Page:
Friday, January 11, 2013

Alabama cheats (and other stuff)

I promised more details later, and I guess it's now later, so here we go, run-on sentences and all.

First, attached (down below) is a pic of a nasty bug that was on my windshield as I started off for Upward Basketball this evening. It wasn't on there for long, once I started getting speed up to where it could no longer hold to the windshield, poor bug. I didn't go back to look for it though.

So, I guess you're wondering why I say Alabama cheats, huh? Well, I'll tell you. It has to do with a speeding ticket. No, not my ticket, and not one of my kids' tickets,  but I won't tell you whose it was (even though I was in the act of paying it). So, in Alabama you essentially have two choices for paying a ticket: go to court, and pay the court cost on top of your ticket fine, or pay it online, with a "convenience fee" tacked on. There's no way to pay just the fine. To me, that's cheating, tacking on extra money beyond the fine, that there's no way around. And so, Alabama cheats, increasing revenue of fines without the legislation to increase said fines, and without increasing the fines themselves. Cheating.

The whole "online payment convenience fee" thing is really bogus, anyway. Instead of having to pay someone to take my payment info over the phone, or to pay someone to process the endorsing and depositing of a check, your website processes the payment automatically. In reality, you should get a convenience discount for paying online, since you're saving whoever you're paying quite a bit by paying online. But, as usual, common sense takes a back seat to common cents. (Ha ha, see what I did there?)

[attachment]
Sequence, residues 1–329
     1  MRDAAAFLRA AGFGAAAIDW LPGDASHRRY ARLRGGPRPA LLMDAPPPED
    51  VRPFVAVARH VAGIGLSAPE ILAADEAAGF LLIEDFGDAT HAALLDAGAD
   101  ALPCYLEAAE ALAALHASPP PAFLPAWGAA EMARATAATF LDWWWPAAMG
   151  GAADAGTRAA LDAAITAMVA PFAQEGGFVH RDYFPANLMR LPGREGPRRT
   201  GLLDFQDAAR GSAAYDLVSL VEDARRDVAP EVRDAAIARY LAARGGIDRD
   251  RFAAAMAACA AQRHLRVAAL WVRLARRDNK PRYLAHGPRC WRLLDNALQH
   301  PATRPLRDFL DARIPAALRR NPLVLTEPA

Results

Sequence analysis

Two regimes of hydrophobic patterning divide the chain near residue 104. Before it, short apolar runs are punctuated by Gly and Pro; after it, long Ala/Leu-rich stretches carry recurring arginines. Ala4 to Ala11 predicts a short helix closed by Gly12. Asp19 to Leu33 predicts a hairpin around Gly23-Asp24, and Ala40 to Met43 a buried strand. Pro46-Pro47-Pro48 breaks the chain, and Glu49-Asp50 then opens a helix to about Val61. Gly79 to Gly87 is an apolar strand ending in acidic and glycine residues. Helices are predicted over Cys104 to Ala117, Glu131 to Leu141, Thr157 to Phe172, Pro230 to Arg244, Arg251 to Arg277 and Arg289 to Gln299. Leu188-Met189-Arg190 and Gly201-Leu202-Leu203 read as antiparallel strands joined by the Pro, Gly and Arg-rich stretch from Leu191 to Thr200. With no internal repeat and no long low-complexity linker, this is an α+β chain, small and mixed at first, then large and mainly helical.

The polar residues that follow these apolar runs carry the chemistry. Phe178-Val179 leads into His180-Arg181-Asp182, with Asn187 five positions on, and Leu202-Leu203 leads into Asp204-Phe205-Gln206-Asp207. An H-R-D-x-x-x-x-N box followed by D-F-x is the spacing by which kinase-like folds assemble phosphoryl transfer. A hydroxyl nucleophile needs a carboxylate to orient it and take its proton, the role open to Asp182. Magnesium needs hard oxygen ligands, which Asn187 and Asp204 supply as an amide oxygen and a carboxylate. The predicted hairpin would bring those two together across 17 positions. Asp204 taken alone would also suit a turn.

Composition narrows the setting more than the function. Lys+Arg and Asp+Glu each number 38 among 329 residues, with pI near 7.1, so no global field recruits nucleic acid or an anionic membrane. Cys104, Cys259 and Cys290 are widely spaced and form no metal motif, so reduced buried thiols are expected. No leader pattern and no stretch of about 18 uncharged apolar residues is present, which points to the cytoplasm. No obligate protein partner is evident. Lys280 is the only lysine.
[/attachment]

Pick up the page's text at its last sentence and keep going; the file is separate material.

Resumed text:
And we're all going to need discounts, what with our "no tax increase on the middle class" going on. As with most people, my paycheck was cut this first paycheck of 2013. Social security tax went up by 2%, which equates to 47% more SS tax per paycheck. The irony is that SS tax is only calculated on the first $113,700 of your paycheck. That is, those who make well north of middle class will only be additionally taxed as much as those who make the aforementioned 113k. Proportionately, the percentage will actually be lower, since the additional tax dollar amount is a much lower percentage of the overall pay.

Anyway, enough about that for now (ask if you want more info or specific examples). Unrelatedly, I'm typing this blog out on my new to me phone, an LG Lucid, with no physical keyboard (while watching "Sherlock" on Netflix). Hopefully I've caught and corrected all the typos in this post. If not feel free to berate me. I'm a big boy (but dieting!), so I can take it. I think.

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